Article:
Globe iconLogin iconRecap iconSearch iconTickets icon
news

MLB News

These draftees will be their team's No. 1 prospect

@JimCallisMLB
June 20, 2019

It's a shame that Mike Martin's coaching career didn't culminate in a College World Series championship, but that can't detract from his accomplishments and his class. Martin's final game with Florida State was a 4-1 loss to Texas Tech on Wednesday night. The Seminoles rallied late in the season to

It's a shame that Mike Martin's coaching career didn't culminate in a College World Series championship, but that can't detract from his accomplishments and his class. Martin's final game with Florida State was a 4-1 loss to Texas Tech on Wednesday night.

The Seminoles rallied late in the season to become one of the last four teams selected for the NCAA tournament, extending Martin's records for most consecutive appearances (40 in his 40 years) and most consecutive 40-win seasons (also 40). He tied Texas' Cliff Gustafson with his 17th CWS appearance and finished with 2,029 victories, making him the winningest coach in NCAA history.

I covered several of Martin's CWS teams for Baseball America and MLB.com, and he was always a treat to talk to because of his graciousness and humor. Congratulations on a career well done, Eleven.

It's that time again ... Which Draft picks automatically become their organization's No. 1 prospects once they sign?

-- J.P. S., Springfield, Ill.

J.P. has asked this question every June for years, dating back to when I was answering reader questions for Baseball America's Ask BA.

The two obvious choices to become their organizations' new No. 1 prospects are the top two picks in the Draft, Orioles catcher Adley Rutschman (who hasn't signed yet) and Royals shortstop Bobby Witt Jr. (who inked the second-highest Draft bonus ever at $7,789,900).

Rutschman is the Draft's best catching prospect in years and the best No. 1 overall pick prospect since Bryce Harper in 2010. Witt is the Draft's top shortstop prospect since Alex Rodriguez. So, it's easy to say that Rutschman and Witt will displace a pair of 2018 first-round right-handers (Grayson Rodriguez for Baltimore, Brady Singer for Kansas City) when we revamp all of our prospect lists between the Draft signing deadline on July 12 and the Trade Deadline on July 31.

The only other 2019 draftee who should vault atop his organization's Top 30 list is Marlins outfielder J.J. Bleday, who leads NCAA Division I with 26 homers and may be more impressive as a hitter than slugger. He's currently playing with Vanderbilt at the College World Series and I would take him in a close call over right-hander Sixto Sanchez, whom Miami acquired as part of the J.T. Realmuto trade with the Phillies.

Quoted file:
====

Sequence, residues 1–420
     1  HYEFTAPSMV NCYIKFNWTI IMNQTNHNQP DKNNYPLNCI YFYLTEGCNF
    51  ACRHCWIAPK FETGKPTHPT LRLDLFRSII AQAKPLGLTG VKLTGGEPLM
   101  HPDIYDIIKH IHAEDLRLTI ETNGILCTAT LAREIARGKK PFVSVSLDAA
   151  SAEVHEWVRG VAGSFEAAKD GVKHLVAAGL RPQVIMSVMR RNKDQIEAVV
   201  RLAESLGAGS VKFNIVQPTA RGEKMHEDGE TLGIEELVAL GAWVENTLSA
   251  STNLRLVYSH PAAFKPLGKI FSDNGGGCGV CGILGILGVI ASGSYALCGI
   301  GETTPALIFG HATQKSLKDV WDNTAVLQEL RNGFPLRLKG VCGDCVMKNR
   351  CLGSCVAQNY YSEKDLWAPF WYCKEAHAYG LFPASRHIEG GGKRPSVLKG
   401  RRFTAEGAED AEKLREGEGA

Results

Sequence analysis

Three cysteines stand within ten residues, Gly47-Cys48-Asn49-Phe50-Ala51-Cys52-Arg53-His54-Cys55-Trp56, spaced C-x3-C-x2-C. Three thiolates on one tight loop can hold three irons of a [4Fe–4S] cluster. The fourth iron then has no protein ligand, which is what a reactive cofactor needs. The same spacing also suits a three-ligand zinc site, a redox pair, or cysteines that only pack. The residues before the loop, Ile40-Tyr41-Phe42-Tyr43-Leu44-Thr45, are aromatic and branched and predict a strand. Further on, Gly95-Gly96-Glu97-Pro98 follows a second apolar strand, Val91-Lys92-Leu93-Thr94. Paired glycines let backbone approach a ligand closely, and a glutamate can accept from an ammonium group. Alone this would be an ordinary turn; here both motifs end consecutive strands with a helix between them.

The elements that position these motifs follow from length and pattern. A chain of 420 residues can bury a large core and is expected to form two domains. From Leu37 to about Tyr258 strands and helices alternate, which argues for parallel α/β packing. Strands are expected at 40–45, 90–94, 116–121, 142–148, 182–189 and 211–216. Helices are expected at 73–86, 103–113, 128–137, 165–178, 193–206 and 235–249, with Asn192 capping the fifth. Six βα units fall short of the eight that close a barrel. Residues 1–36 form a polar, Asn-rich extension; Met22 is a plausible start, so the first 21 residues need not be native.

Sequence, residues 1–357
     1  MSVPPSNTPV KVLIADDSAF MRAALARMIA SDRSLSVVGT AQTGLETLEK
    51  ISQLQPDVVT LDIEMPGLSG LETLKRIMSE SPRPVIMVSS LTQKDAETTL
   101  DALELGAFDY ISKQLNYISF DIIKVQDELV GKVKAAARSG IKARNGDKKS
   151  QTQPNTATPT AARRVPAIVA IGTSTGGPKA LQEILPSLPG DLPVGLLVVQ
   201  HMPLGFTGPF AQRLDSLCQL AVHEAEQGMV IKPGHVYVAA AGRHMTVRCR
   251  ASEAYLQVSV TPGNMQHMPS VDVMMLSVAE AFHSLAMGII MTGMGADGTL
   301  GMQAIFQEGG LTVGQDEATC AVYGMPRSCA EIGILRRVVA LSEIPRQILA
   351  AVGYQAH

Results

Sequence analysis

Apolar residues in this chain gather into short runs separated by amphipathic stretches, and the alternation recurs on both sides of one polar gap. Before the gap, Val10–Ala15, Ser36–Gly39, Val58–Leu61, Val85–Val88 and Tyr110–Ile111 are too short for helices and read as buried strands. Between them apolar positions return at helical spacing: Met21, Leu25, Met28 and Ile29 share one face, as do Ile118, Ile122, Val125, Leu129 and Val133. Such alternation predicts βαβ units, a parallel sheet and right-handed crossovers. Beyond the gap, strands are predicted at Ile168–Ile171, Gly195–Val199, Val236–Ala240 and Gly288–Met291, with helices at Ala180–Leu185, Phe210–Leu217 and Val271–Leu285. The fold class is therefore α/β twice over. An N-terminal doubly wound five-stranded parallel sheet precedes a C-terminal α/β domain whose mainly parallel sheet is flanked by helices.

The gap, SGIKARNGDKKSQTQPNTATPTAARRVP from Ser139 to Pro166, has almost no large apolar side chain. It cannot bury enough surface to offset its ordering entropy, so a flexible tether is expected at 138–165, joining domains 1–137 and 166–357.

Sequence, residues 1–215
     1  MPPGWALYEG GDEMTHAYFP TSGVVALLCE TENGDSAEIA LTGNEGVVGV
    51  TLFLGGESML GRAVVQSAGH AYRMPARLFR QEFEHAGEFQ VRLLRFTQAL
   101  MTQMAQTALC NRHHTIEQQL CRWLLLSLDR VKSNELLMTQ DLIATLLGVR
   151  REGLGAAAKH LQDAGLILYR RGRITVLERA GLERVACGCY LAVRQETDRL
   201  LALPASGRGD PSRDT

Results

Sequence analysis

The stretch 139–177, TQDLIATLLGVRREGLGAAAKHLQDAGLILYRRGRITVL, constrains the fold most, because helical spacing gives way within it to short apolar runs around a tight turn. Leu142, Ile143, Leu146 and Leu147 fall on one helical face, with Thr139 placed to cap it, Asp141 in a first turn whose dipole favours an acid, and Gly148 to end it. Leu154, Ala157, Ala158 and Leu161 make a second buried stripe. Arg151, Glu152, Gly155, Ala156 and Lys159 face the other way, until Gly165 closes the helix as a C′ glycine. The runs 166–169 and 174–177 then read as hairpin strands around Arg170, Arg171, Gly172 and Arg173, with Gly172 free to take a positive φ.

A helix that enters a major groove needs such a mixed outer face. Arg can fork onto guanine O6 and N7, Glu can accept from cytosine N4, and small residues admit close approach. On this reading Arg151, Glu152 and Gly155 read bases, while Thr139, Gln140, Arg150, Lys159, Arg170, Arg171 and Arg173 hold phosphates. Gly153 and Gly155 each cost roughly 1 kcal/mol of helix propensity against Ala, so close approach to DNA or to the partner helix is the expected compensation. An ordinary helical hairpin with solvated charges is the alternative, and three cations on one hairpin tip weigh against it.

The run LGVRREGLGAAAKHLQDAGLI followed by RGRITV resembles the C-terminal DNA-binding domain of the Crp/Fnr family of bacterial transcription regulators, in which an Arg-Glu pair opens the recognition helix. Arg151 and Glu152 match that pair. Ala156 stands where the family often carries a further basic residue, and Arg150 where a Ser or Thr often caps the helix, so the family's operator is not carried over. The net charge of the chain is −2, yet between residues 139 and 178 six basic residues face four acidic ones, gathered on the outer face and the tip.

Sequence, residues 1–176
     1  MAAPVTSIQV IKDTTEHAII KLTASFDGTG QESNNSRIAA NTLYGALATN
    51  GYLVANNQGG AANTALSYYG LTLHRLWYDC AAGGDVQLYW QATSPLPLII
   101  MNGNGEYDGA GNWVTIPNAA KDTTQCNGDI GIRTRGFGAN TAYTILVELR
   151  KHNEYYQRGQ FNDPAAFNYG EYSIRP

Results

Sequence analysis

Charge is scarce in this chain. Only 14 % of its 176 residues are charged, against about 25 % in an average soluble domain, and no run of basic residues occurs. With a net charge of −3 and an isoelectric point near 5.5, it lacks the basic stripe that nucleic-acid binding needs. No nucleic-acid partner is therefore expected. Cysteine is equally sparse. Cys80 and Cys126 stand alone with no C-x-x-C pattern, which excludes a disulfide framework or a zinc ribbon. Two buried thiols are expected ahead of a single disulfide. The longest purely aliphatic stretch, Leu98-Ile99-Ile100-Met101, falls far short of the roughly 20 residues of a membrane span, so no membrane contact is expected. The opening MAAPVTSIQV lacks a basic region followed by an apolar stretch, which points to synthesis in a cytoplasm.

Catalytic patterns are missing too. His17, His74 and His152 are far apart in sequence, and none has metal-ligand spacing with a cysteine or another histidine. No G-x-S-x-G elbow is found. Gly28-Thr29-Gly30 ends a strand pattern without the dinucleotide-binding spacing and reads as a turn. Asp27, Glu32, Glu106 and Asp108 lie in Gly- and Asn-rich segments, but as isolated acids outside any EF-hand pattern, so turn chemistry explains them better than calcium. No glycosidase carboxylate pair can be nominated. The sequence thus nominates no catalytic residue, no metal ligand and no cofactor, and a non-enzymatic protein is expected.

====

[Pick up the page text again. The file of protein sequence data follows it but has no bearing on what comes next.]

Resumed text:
For more on this question, including some talented draftees who can't get to No. 1 just yet, check out the video at the top of this Inbox.

As soon as Rutschman signs with the Orioles, he not only becomes their best prospect but also baseball's best catching prospect (ahead of last year's No. 2 overall pick, Joey Bart). We'll add 2019 draftees (and international signees) to our various lists when we do our annual midseason overhaul, and he'll probably fit in the 10-15 range on the overall Top 100.

If Rutschman were a first baseman, he wouldn't have nearly as much defensive value as he does as a catcher, but he'd still be a switch-hitter who can hit for power and average while drawing a lot of walks. One scouting official I spoke to this spring said that if he considered Rutschman for his bat only, he'd compare him to Mark Teixeira. Lofty praise indeed, and Rutschman would rank as the game's best first-base prospect if that were his position.

Rutschman moves well enough that he could become at least an adequate defender at the hot corner if he shifted there. Austin Riley will graduate from prospect status after his next big league at-bat, so Rutschman would challenge Nolan Gorman (Cardinals) as baseball's top prospect at third base. Gorman has more raw power but Rutschman is a better all-around hitter.

You've been doing 10-round hypothetical drafts since 2003. Who are your 2019 picks?
-- Jim C., Winnetka, Ill.

Yes, that's me asking myself a question so I can run my annual exercise of shadowing a random team through the first 10 rounds of the Draft. I like to see how well I can identify future big leaguers while held to the same bonus-pool restrictions that the clubs deal with.

I randomly drew the Blue Jays and their $8,463,300 bonus pool, which I can stretch to $8,886,465 without forfeiting a future first-rounder. I'm all in on Brett Baty's bat and decided to make him my first-round pick at No. 11. I feel pretty good about my crop, which also includes MLB Pipeline's top-rated high school pitcher (Matthew Allan) and prep catcher (Ethan Hearn), plus a shortstop with first-round tools who slid because of a rough start to his junior season (Will Holland).

Here's my draft:

Round: Player, Pos, School (Actual pick)

1st (No. 11): Brett Baty, 3B, HS/Texas (NYM, 1st)
2nd: Matthew Allan, RHP, HS/Florida (NYM, 3rd)
3rd: Will Holland, SS, Auburn (Min, 5th)
4th: Ethan Hearn, C, HS/Alabama (ChC, 6th)
5th: Hunter Brown, RHP, Wayne State (Hou, 5th)
6th: Zack Hess, RHP, Louisiana State (Det, 7th)
7th: Drew Millas, C, Missouri State (Oak, 7th)
8th: Dominic Canzone, OF, Ohio State (Ari, 8th)
9th: Colin Peluse, RHP, Wake Forest (Oak, 9th)
10th: Antoine Duplantis, OF, Louisiana State (NYM, 12th)

Jim Callis is a reporter for MLB.com. Follow @jimcallisMLB on Twitter. Listen to him on the weekly Pipeline Podcast.